Financial sustainability and accountability are ever-present issues for nonprofit organisations (NPOs) as they seek to balance their mission with financial responsibility. Both issues arise as a result external demands and internal needs.
The mission of an NPO is usually expressed as the role it plays in the segment of society within which it serves. Once its mission is defined, an NPO often finds that it is unable to withdraw. This may be due to external exit barriers placed on the organisation by local community groups, ethnic or religious groups, or by other organisations which are convinced that the maintenance of some other activity is dependent on continuing the current activity. In addition, an NPO may find itself with internal exit barriers because of its societal interests and its humane commitment to its clients. Thus, the centrality of mission to the operation of an NPO may expose it to issues of financial sustainability that are not faced by organisations operating in other sectors.
With the increase in the scope and size ofthe nonprofit sector have come calls for the need for increased financial accountability. Yet, because NPOs are established to accomplish altruistic rather than financial goals, their accountability systems have often developed on an exigency basis. Nevertheless, the public, in the role of volunteers, donors and taxpayers, have made significant contributions to the development and resources of the third sector are thus entitled to effective systems of accountability. This call for accountability has arisen from two sources. One is an internal need for an NPO to be well managed, because the nature of its mission and the sources of its revenue demand a high degree of accountability which in tum demand a sound internal control system. Secondly, there is the external demand for accountability because resource providers expect an NPO to utilise resources in a manner that is consistent with its mission. Thus, there is a fiduciary duty between the resource provider and the managers of an NPO. In addition, there is demand for accountability from the public, from potential donors and from the media.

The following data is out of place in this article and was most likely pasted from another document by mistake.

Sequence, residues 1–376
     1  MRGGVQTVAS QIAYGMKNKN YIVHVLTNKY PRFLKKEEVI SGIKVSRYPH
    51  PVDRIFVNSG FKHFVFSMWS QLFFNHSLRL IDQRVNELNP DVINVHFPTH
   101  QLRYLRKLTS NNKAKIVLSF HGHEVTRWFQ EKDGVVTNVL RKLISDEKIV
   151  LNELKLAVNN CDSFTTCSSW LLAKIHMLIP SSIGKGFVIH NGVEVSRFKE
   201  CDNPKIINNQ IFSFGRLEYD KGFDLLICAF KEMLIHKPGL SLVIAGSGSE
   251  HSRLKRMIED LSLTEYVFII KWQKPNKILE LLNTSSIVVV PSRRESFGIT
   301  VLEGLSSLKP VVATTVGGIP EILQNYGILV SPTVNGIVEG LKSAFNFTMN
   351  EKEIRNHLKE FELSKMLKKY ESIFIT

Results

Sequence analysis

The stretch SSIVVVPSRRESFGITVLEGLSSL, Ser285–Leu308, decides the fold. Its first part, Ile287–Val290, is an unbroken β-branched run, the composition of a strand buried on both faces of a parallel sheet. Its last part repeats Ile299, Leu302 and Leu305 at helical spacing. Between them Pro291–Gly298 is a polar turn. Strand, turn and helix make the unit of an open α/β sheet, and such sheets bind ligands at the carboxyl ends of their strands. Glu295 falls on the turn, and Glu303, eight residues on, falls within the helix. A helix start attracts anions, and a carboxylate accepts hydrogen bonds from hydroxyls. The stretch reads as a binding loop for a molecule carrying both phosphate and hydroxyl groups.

The increasing body ofliterature that addresses financial management ofNPOs focuses on the "how to" of accounting, rather than providing measures of an organisation's financial sustainability or accountability. This study presents a model for determining the financial health of an NPO by investigating various operational criteria over time, and addressing these in relation to accountability issues such as intergenerational equity. It makes a significant contribution to nonprofit research by providing an analytical means of investigating a single organisation's financial sustainability and suggesting specific measures that can be undertaken to its improve financial health.